The state of supporting many groups over NFS v3 in various Unixes

May 2, 2016

One of the long standing limits with NFSv3 is that the protocol only uses 16 groups; although you can be in lots of groups on both the client and the server, the protocol itself only allows the client to tell the server about 16 of them. This is a real problem for places (like us) who have users who want or need to be in lots of groups for access restriction reasons.

For a long time the only thing you could was shrug and work around this by adding and removing users from groups as their needs changed. Fortunately this has been slowly changing, partly because people have long seen this as an issue. Because the NFS v3 protocol is fixed, everyone's workaround is fundamentally the same: rather than taking the list of groups from the NFS request itself, the NFS server looks up what groups the user is in on the server.

(In theory you could merge the local group list with the request's group list, but I don't think anyone does that; they just entirely overwrite the request.)

As far as I know, the current state of affairs for various Unixes that we care about runs like this:

I care about how widespread the support for this is because we've finally reached a point where our fileservers all support this and so we could start putting people in more than 16 groups, something that various parties are very much looking forward to. So I wanted to know whether officially adding support for this would still leave us with plenty of options for what OS to run on future fileservers, or whether this would instead be a situation more like ACLs over NFS. Clearly the answer is good news; basically anything we'd want to use as a fileserver OS supports this, even the unlikely candidate of Oracle Solaris.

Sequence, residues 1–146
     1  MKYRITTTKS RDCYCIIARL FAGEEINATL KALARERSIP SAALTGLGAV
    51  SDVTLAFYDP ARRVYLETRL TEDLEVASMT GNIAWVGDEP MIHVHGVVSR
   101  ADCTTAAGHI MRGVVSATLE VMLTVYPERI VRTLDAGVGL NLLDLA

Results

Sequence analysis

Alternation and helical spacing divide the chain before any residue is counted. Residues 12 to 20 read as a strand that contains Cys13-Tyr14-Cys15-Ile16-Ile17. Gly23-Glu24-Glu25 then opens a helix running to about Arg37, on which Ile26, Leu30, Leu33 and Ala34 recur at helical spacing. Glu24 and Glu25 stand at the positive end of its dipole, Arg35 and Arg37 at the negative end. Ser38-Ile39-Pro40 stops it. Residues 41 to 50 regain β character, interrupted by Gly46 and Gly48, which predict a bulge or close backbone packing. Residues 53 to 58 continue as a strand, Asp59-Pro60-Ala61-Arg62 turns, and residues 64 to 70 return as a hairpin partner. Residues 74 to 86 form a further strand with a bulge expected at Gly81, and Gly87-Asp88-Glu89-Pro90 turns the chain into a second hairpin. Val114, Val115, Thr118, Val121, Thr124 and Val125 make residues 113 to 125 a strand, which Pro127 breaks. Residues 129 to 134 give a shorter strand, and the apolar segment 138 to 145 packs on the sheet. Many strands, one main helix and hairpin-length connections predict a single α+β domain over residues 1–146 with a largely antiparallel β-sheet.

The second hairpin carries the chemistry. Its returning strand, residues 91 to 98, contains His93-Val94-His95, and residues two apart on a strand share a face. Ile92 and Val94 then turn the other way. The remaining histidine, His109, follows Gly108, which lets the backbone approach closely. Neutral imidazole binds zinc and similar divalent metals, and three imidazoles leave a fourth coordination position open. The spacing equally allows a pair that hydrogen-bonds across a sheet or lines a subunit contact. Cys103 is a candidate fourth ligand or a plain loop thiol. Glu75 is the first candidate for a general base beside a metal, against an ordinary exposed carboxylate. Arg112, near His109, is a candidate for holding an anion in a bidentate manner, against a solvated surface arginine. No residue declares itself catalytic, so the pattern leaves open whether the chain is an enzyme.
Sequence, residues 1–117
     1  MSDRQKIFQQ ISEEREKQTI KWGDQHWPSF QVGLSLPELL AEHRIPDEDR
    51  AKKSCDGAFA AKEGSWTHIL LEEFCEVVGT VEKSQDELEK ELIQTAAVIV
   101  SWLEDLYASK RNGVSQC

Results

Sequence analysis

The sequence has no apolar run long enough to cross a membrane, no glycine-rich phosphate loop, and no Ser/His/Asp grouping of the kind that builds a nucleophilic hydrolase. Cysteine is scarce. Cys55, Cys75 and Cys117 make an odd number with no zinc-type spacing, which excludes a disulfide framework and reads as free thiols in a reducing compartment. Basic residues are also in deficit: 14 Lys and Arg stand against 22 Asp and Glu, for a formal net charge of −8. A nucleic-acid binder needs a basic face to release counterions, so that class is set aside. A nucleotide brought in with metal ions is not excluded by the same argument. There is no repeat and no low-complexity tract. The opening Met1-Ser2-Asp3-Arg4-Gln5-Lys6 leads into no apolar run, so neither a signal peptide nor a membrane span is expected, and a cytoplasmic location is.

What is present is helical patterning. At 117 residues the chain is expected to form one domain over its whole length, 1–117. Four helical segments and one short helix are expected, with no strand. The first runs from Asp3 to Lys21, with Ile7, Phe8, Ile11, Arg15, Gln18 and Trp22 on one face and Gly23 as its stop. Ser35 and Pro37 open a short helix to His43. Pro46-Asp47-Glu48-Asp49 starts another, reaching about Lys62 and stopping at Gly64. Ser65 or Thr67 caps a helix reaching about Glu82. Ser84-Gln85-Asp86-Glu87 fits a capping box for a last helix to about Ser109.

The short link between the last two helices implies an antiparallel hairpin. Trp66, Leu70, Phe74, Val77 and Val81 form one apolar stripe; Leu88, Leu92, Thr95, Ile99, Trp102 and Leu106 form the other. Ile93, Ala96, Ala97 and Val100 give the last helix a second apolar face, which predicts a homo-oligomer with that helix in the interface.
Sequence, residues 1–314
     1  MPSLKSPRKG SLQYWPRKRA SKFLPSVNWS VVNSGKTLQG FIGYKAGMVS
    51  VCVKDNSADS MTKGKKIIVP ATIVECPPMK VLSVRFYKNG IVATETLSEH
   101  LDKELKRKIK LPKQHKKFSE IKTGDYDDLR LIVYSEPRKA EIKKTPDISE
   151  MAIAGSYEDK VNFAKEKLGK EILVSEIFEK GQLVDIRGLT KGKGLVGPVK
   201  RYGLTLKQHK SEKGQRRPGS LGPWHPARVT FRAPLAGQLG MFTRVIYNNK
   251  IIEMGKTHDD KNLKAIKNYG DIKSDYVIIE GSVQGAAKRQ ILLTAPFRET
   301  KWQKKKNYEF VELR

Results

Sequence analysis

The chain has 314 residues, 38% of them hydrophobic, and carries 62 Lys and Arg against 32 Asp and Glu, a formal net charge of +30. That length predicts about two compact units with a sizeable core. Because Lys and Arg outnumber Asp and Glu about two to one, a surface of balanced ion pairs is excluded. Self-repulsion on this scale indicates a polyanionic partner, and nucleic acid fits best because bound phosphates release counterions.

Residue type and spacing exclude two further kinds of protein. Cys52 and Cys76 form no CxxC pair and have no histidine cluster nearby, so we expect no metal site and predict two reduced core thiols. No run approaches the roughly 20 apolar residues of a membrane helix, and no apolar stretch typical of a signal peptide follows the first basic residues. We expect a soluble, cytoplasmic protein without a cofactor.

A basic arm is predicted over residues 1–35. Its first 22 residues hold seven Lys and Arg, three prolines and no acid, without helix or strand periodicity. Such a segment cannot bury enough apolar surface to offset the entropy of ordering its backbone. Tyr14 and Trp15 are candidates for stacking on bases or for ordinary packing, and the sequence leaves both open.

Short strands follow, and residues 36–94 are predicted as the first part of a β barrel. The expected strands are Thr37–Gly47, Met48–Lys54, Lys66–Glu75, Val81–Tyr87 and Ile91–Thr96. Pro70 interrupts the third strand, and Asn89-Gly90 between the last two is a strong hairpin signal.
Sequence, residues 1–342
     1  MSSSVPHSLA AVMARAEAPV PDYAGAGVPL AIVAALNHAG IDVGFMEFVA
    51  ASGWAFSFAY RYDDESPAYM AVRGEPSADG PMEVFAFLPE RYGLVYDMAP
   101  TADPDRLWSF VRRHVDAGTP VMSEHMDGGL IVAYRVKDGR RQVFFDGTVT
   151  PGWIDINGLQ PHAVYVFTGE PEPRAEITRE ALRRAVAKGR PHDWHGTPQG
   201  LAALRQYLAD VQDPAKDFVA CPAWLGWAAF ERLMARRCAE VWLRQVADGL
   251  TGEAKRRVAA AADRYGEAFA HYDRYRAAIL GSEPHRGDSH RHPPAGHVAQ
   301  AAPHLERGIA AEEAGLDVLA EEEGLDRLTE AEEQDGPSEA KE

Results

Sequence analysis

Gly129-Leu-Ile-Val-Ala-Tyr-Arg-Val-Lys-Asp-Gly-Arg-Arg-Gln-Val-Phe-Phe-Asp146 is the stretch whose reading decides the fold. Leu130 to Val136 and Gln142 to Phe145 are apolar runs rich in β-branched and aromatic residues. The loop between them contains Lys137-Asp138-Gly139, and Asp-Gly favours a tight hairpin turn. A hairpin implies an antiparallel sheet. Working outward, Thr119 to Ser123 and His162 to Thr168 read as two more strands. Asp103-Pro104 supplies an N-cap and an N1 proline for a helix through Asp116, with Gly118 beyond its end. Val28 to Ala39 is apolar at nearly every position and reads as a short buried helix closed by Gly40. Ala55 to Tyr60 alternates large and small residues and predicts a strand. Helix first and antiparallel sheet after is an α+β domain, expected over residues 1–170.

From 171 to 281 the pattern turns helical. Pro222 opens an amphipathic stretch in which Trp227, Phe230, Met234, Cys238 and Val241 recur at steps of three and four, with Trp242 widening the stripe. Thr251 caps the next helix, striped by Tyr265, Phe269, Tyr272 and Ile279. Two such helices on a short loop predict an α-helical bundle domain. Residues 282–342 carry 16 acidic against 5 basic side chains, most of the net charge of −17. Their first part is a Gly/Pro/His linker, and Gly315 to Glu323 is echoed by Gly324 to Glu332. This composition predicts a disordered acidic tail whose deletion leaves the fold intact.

(I haven't bothered checking out the state of support for this on the other *BSDs because we're not likely to use any of them for an NFS fileserver. Nor have I looked at the state of support for this on dedicated NFS fileserver appliances, because I don't think we'll ever have the kind of budget or need that would make any of them attractive. Sorry, NetApp, you were cool once upon a time.)


Comments on this page:

For a long time the only thing you could was shrug and work around this by adding and removing users from groups as their needs changed.

We hit this at $WORK a while ago, and some other options are:

  • sg(1) command on Linux: "execute command as different group ID"; basically the group equivalent to su(1)
  • newgrp(1): "log in to a new group"

Kludgy, but useful in some of the scripts our users used where they had to read/write into different "lab" areas.

For those keeping score, the "appliance vendors" NetApp and EMC Isilon both support "server-side lookups": the group information in the RPC call is ignored, and the UID is searched on the server itself. Fairly straight forwards with Isilon (see also user-mappings); not sure about the details with NetApp.

$WORK has a bunch of Isilon for HPC, and we've used the server-side lookup with many, many Linux NFSv3 clients for a few years now without issue (after setting up user-mappings properly). Generally don't have to use the above workarounds now.

By Robert Sander at 2016-05-03 04:48:39:

I ran into this problem years ago and found this patch for the Linux NFS client code: http://www.frankvm.com/nfs-ngroups/README

It basically decides which groups to send to the server based on the filesystem permissions.

The last update is for kernel version 4.3.

Written on 02 May 2016.
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Last modified: Mon May 2 00:46:00 2016
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